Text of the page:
The fact is that, a fragile economy and a weakened real estate industry have been further exacerbated by the crude ecological and environmental disaster, and the crude politics of Washington. And, our tourism for this year has been damaged by irresponsible journalism media. Even so, the coastline of the Gulf States and its real estate will overcome this adversity and will eventually be less affected by the BP oil spill and the many missteps of Washington. The media needs to practice more responsible journalism and avoid the traps of sensationalism. Sensationalism is not journalism!

Well, our coastal properties along the beaches as well as other properties with gulf views and close to water tributaries will eventually improve over time. For now, the recent past spreading of crude through the Gulf of Mexico has resulted in a deeper real estate market slowdown affecting property values near and along the Gulf Coast. Whether legitimate, or not, many homes located well off water tributaries have also been affected to some degree. It is a real estate market slowdown caused by a fragile economy and the worse oil spill known in North America.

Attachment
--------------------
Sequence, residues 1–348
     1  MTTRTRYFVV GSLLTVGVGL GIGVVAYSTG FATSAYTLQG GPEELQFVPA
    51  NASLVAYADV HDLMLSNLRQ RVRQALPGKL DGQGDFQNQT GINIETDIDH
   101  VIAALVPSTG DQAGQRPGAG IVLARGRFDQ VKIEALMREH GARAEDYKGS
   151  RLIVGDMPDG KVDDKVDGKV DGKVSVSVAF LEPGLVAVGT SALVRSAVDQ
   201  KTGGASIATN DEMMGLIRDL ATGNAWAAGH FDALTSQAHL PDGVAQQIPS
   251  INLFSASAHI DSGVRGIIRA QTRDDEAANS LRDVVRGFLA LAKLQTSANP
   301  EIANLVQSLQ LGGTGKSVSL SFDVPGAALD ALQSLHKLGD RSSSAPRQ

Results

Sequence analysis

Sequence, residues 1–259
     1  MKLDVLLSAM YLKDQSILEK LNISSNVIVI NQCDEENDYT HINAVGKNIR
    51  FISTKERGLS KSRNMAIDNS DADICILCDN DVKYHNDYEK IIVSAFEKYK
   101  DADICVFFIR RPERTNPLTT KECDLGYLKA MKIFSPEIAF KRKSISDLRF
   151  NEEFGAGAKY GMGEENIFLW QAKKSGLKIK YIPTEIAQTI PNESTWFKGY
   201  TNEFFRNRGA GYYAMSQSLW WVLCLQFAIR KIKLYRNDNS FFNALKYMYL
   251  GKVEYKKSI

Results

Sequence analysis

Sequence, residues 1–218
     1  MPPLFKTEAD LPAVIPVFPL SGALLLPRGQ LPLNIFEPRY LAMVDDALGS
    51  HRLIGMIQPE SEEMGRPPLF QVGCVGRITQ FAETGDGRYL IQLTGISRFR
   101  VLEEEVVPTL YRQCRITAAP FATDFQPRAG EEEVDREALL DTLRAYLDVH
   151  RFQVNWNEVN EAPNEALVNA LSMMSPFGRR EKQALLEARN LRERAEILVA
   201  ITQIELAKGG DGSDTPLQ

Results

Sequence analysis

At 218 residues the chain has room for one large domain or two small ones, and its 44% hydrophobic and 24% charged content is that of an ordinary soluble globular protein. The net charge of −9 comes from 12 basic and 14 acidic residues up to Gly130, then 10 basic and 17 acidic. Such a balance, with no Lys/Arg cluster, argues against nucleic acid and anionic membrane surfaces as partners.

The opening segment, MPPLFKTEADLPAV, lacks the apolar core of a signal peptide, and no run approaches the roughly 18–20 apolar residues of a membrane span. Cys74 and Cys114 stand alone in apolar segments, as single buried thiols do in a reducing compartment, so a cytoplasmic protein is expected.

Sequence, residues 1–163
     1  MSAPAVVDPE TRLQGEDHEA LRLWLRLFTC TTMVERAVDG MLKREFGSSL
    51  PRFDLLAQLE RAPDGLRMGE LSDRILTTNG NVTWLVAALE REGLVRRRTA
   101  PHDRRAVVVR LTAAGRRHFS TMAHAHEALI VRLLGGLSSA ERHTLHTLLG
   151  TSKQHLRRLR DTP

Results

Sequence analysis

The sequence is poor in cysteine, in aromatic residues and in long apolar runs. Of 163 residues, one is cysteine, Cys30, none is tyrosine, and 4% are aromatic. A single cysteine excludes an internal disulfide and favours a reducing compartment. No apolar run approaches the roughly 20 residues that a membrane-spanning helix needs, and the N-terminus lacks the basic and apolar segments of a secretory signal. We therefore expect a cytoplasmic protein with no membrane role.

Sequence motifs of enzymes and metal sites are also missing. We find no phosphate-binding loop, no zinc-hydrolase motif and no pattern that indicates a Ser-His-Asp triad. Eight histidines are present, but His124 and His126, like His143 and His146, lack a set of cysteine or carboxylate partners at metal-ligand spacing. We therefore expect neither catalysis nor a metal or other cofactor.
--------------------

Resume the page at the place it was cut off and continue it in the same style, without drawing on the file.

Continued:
From my standpoint, the negative value affects for homes located off the beaches and the Gulf of Mexico should be negligible as time leads us into the future. Then, when looking back in time, I believe, this catastrophe will reflect “a blip on the radar screen” when focusing only on the 90-day oil spill disaster. Then, there could be the possibility of a more normal level and slight positive return of property values; if a more normal level can be equated with a fragile economy under severe stress.